Butler emphasizes to the readers that the lessons learned from the past are important in teaching so that history does not continue to repeat itself. Referring back to the bible, Lauren is much like Moses, leading the group out of slavery or a bad environment, just as Moses led the Isralites out of Slavery in Egypt. Lauren uses these examples and lessons of the past to her advantage, founding Earthseed and finding a new place for a community, attempting to start a new life without repeating the events of the past. When Lauren learns of little Amy Dunn’s death, she is completely devastated. She was shot through the metal gate that led into the neighborhood. Lauren, who feels the pain of others as well as her own, is furious with the ways of the world at this point. She uses a simile to express her feelings of the neighborhood after little Amy Dunn’s death. She says “It’s like an island surrounded by sharks – except the sharks don’t bother you unless you go in the water. But our land sharks are on their way in. It’s just a matter of how long it takes for them to get hungry enough”. People are killing others for no good reason, and there is violence all around Lauren.
This is much like our current society, with school shootings, bombings, and more random acts of violence with no good reasoning behind them. The violence shown in many examples throughout the novel can be easily compared to the violence that currently goes on and has gone on for years. The main metaphor shown in the novel is the seed. It represents the hope of the characters. The title of the novel itself comes straight from a bible verse (Luke 8:5-8) in the New Testament parable about a sower/farmer who sowed seeds. Some of these seeds never had a chance to sprout, some were eaten by birds, and some started to grow but were killed by the heat of the day. However, some seeds fell on fruitful ground, grew, and produced good fruit. The farmer is a symbol for Jesus in the Bible, but is a symbol for Lauren in this novel. Comparatively, this is exactly what Lauren is doing throughout the novel. Her “seeds” are human beings, some of which hear her ideas of Earthseed and respond to it, and others who hear it and do not bother to respond. Lauren refers to her religion as Earthseed because she believes that human beings are the seeds needed for a new and improved community to blossom on Earth. According to Lauren, it is the people’s destiny to spread, like seeds, throughout the universe and start life on new planets. This is also why Lauren refers to the new community as Acorn.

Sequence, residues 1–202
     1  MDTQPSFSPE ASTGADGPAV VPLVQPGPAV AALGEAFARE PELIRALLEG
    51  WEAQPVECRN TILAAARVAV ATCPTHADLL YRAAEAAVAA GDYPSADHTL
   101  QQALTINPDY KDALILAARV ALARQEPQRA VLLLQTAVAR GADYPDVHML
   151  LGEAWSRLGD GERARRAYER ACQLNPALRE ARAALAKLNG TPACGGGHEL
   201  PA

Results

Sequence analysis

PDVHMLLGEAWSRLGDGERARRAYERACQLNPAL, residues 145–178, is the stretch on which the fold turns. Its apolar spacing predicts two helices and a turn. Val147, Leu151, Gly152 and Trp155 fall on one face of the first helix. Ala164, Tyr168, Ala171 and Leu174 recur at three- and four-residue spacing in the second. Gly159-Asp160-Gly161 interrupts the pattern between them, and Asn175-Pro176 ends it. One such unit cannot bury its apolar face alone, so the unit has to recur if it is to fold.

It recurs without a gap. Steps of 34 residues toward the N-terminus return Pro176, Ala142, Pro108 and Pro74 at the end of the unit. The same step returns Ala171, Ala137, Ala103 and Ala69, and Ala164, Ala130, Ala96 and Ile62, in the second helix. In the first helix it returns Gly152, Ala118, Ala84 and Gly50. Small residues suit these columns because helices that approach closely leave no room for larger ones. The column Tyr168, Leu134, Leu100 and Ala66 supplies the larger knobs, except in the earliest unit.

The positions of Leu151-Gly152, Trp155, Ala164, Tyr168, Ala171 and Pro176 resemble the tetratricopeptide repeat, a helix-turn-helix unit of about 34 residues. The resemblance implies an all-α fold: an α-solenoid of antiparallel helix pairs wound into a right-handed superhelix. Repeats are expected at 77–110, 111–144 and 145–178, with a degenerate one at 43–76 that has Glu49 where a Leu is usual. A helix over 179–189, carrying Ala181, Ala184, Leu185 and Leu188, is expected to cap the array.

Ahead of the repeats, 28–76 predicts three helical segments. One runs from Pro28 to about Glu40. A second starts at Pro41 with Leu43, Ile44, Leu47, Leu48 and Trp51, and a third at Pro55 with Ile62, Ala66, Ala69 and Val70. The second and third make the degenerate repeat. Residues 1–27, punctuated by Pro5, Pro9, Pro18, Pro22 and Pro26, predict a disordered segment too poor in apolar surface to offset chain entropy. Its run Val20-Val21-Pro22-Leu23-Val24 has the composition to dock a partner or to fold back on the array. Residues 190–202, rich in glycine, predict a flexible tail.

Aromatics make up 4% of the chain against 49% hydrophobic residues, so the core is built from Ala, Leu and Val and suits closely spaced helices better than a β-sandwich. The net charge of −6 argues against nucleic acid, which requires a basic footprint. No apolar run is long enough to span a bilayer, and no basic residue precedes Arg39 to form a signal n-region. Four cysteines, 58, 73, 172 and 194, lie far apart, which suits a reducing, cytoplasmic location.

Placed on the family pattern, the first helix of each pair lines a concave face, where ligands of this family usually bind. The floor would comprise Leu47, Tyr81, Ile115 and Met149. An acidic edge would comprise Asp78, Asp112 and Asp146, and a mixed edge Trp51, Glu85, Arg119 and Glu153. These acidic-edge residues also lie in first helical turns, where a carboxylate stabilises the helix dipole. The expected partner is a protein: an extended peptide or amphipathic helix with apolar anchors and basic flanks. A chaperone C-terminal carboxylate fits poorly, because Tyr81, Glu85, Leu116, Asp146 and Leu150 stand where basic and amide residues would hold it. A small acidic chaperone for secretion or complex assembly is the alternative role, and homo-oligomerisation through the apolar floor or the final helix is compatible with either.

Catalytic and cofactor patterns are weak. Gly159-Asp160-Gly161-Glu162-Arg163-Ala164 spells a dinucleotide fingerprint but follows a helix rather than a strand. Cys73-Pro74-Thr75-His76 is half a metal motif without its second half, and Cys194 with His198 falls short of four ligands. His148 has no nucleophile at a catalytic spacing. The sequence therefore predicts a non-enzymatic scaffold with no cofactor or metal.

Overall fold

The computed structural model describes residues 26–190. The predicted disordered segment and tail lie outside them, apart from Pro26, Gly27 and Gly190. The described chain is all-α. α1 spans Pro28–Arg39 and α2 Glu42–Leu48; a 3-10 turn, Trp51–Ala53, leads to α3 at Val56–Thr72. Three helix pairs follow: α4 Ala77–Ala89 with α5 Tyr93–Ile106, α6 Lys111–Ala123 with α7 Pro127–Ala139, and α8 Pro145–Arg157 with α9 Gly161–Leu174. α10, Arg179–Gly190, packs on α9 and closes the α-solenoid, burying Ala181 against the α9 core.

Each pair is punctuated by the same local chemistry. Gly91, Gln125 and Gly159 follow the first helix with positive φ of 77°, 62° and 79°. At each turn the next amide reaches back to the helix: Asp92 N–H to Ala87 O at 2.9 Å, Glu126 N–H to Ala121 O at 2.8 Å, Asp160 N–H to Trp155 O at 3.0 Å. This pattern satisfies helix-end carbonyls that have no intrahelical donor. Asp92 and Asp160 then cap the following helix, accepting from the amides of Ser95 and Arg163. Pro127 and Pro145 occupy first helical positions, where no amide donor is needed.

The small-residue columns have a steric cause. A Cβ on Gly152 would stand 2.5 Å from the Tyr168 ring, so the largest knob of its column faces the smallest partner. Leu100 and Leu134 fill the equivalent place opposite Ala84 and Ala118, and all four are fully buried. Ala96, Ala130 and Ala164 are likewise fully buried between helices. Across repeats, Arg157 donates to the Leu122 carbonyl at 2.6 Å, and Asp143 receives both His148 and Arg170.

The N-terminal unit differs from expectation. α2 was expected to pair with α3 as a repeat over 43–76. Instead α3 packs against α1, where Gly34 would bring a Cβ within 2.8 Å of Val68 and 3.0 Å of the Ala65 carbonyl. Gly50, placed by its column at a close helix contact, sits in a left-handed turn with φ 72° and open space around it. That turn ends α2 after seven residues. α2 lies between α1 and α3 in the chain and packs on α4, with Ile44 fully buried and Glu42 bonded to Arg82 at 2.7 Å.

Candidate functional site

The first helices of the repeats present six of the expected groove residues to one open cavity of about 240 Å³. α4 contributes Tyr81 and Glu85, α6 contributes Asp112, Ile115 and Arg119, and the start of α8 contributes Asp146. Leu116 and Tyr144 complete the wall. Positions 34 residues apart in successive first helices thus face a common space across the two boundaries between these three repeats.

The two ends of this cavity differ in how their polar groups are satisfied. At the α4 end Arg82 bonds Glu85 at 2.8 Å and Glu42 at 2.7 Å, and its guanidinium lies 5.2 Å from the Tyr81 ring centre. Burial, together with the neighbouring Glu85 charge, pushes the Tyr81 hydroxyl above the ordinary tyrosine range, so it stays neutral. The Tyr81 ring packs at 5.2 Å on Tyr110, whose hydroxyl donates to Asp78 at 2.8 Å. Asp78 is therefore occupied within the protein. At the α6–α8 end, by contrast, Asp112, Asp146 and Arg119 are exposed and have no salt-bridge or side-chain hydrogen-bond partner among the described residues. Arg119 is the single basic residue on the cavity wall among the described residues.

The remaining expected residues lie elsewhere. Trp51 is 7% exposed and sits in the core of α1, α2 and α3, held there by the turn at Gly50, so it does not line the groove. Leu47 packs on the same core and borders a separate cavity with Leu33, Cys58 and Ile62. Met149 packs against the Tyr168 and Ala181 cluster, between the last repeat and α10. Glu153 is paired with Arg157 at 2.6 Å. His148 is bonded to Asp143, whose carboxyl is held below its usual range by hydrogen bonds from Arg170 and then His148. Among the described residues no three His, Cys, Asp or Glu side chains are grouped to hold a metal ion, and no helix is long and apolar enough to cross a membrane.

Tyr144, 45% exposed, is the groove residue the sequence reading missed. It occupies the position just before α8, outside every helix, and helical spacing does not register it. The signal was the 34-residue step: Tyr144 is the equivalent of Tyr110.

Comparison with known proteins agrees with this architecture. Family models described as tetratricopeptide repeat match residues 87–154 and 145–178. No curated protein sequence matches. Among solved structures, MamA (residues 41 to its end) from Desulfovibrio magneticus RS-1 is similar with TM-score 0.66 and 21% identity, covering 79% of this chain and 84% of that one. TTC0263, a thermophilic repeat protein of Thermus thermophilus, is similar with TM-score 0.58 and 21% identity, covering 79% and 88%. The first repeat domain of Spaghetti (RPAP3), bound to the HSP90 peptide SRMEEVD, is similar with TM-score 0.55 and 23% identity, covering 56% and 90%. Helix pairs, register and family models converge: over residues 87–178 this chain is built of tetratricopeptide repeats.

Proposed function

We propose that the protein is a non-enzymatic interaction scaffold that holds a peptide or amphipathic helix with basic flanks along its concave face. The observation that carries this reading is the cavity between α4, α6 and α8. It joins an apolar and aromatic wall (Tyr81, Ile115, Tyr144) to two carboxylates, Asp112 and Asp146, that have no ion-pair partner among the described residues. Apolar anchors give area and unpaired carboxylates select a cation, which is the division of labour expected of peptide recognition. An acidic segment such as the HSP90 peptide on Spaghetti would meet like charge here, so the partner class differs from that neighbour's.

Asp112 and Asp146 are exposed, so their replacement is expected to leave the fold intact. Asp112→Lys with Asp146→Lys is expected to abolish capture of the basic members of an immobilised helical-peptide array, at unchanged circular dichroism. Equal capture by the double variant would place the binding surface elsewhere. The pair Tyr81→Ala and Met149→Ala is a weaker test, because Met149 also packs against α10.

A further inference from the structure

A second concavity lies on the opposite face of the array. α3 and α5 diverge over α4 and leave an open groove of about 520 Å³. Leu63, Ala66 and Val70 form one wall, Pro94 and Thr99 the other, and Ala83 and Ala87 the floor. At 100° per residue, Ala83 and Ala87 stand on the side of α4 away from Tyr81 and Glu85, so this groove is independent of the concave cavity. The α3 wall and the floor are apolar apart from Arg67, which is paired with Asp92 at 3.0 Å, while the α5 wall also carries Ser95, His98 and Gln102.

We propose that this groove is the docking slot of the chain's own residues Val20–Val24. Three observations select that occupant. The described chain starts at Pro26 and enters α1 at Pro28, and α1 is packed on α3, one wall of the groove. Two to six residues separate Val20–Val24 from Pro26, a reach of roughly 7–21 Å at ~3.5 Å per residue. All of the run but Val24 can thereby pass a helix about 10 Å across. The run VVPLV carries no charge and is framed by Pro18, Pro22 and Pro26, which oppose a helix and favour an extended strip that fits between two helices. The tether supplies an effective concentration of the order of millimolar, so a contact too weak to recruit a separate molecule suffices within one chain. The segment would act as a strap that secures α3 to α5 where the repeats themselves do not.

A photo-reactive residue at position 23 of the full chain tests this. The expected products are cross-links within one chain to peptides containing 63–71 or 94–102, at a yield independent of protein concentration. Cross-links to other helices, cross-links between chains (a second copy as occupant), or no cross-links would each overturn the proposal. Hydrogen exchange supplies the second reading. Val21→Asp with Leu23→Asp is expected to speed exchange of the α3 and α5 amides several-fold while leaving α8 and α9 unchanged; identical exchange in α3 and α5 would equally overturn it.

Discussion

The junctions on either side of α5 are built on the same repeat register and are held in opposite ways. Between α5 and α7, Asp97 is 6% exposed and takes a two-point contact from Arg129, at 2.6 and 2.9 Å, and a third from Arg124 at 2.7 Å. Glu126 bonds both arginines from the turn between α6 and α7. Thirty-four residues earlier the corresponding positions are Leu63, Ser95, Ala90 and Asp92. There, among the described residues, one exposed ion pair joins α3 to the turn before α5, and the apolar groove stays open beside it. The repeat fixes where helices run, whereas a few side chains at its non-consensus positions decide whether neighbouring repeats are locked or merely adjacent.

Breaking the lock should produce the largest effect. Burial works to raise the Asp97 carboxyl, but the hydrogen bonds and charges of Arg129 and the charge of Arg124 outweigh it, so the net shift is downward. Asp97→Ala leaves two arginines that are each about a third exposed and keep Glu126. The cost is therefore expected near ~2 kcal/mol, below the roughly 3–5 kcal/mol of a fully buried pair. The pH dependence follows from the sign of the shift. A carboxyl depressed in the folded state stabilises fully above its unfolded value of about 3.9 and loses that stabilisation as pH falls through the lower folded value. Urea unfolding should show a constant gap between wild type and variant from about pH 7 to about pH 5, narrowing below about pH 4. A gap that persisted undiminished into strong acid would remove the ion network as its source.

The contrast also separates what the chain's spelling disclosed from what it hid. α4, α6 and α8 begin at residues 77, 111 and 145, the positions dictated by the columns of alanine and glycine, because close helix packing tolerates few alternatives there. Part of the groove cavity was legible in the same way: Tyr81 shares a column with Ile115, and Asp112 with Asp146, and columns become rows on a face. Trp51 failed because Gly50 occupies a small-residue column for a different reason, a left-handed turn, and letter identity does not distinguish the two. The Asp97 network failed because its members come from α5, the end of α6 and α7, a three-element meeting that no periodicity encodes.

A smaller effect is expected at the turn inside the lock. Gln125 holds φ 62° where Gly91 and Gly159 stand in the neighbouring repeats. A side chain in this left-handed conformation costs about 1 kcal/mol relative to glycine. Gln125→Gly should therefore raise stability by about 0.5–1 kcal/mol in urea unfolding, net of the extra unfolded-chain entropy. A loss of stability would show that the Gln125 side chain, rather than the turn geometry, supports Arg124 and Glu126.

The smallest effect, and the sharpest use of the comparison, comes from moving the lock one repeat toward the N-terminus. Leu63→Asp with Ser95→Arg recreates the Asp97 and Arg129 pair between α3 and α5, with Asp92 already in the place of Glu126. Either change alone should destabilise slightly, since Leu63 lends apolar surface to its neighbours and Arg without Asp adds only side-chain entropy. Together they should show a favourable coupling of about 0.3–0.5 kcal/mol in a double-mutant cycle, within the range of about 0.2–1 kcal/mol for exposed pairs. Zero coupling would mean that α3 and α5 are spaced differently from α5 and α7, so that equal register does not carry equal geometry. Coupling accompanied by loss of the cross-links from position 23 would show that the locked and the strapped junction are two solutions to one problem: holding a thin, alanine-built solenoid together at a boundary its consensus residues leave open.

The community of Acorn represents the seeds of a new life that will, over time, grow into something much bigger, just as a small acorn grows into a large oak tree with time. As previously stated, the new community name is also a metaphor in itself. Acorn is a safe space, or a place of refugee, for the community members. The Earthseed group plans to stay at the new community, in which they have named Acorn. At the end of the novel, the readers are given the actual parable of the sower from the King James Version of Luke. Throughout the novel, the readers have witnessed Laurens trial and errors of spreading her Earthseed religious views and ideas. The ending of the novel gives the readers a sense that Earthseed will be successful in the Acorn community. The way Lauren holds onto hope throughout all of the harsh conditions and violence is much like people do on a day to day basis now. In conclusion, the author uses figurative language such as similes and metaphors to better explain the near future dystopian world being portrayed. Many of the issues Butler incorporates into the future portrayed in the novel are parallel to past and current issues in the world today. The future that is shockingly grim and close to reality with the literal figurative example sof slavery, gender role issues, and hope for a better future scattered throughout the novel.
- Allen, Marlene D. “Octavia Butler’s Parable Novels and the Boomerang of African American History.” Callaloo, vol. 32, no. 4, 2009, pp. 1353–1365., doi:10.1353/cal.0.0541.
- Butler, Octavia E. Parable of the Sower. New York, NY: Warner Books, 1993. Print. Siebert, Wilbur Henry. Reprint Services Corporation, 1898, https://play.google.com/books/reader?id=QXA_AQAAMAAJ&hl=en&pg=GBS.PP1